McClatchy-Tribune Regional News – Sun Journal
March 9, 2011 Wednesday
FRANKLIN THEATRE’S OPENING-NIGHT EVENT REMAINS A MYSTERY
FRANKLIN — So far, the exterior of the Franklin Theatre has drawn the spotlight — literally, in fact — as a replica Art Deco neon marquee was hoisted into place over the Main Street movie house.
Yet behind all the public attention drawn to the theater in the past few months, designers, electricians and an artist have been quietly remaking the inside of what was once an aging, scruffy theater into an $8.7 million venue supporters hope becomes a destination point for performers and artists.
"There’s a lot of details being added as we speak," said Aubrey Preston, interim theater director. "It’s kind of like Christmas has come, and we’re able to open the present."
The theater, which will show movies and feature live performances, is slated to open June 3 and being showing movies on June 4. The June 3 opening could feature a party themed around the 1939 movie Gone With The Wind, though final details haven’t been set, he said.
"Gone With the Wind is one of the things we’re thinking about," Preston said. "We’re pushing multiple things around."
What’s old is new again
While Preston and others finalize plans for the theater and its operation, work in the theater is near the final stages.
Just through new wood and glass front doors, the changes in the theater are evident. A new terrazzo floor covers the lobby — though the floor is still covered by cardboard to protect it from scuffs. A ticket-takers’ box has been built, as well as a new refreshment stand, which will sell wine and beer.
In the theater, muted light glows in the frosted glass sconces on the walls. Once bare, the theater now has four arches, and the new walls have been repainted crimson and gold. Pale color choices have been ditched for more traditional and richer Art Deco-inspired colors.
Though designers have taken pains to restore the theater, the new color scheme is a departure from how the theater looked when it opened in 1937 during the height of the Art Deco design movement. It has been closed since 2007.
"The theater was not the opulent type of Art Deco theater," said Leiper’s Creek Gallery owner Lisa Fox, who has helped with color choices for the theater. "It was more streamlined and simplified. (The restored theater) does have a different look and feel than it did before, but it does feel like Franklin. It feels like it fits."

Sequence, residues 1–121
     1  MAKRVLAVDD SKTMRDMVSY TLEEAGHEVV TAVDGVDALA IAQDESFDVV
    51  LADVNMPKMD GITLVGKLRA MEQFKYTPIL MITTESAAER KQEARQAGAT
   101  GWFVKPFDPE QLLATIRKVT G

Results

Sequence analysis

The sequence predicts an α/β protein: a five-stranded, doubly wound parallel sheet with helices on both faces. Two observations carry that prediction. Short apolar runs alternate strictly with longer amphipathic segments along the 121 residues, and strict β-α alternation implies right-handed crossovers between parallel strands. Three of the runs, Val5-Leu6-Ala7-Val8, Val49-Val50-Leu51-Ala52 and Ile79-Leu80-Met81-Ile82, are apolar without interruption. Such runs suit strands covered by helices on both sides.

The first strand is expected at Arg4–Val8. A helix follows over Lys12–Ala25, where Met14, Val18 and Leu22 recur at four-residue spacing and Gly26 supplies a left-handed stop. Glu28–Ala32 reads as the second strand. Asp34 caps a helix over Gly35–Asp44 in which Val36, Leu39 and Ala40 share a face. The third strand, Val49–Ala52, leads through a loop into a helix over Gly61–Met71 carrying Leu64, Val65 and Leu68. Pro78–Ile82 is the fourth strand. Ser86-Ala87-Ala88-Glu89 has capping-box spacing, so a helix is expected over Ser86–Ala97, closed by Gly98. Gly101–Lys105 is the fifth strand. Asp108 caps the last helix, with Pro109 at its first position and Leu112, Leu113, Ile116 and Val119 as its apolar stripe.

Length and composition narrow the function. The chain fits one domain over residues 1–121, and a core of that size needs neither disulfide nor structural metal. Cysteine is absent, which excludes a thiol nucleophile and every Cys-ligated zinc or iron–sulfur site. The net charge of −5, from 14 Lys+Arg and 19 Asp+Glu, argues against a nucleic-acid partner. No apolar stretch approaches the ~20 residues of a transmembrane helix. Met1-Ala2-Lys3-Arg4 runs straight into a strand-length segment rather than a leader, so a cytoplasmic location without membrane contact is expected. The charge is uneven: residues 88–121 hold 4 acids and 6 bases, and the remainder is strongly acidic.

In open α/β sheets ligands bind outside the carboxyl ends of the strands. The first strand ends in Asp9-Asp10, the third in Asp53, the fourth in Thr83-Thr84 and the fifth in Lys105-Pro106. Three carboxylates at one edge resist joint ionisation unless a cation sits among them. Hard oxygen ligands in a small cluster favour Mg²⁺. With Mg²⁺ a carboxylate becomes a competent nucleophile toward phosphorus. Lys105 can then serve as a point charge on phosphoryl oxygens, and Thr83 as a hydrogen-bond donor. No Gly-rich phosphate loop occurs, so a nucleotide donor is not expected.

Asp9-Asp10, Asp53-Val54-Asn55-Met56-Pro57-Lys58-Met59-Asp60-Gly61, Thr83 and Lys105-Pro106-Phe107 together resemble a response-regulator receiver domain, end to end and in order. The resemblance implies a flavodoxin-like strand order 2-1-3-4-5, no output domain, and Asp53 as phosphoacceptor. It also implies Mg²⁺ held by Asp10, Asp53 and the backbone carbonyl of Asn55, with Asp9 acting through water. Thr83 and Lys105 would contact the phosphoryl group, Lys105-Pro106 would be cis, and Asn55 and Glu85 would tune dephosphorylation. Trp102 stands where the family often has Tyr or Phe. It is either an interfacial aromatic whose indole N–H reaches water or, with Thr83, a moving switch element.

Ceiling has nighttime sky painting
On the theater’s second floor, some of the differences between the old and the remade theater are evident in little and big ways.
The theater’s balcony has been added. While most of the theater’s 350 new seats have not been installed yet, the ones in the new balcony are in place, and are a far cry from the frayed and broken ones that were once here.
To raise money to support the theater’s renovation, sponsorship of 125 theater seats for $2,500 each is offered through the theater’s owners at the Heritage Foundation of Franklin and Williamson County. Sponsors have been found for 225 seats.
Preston said sponsorship of the seats is still available. He is still pursuing another potential large donor to help cover a reserve fund for the theater.
"We hope to be done by opening day," Preston said.
Other touches are smaller. Just off the main second floor hallway in the upstairs lounge, landscape painter Roger Dale Brown is in the midst of work on a roughly 10-by-10 oil painting of a night-time sky on the room’s ceiling.
Brown’s work has won national awards and is featured in the collections of corporations and celebrities.
Brown worked with Fox to come up with the night-time "sky scape" with moons and stars against a purple and black background. Fox represents Brown at her gallery.
"They’ve done such a beautiful job with creating a lot of glitz and glamour in here. … What better way to cap that off?" Brown said. "The best light show in the world is up there."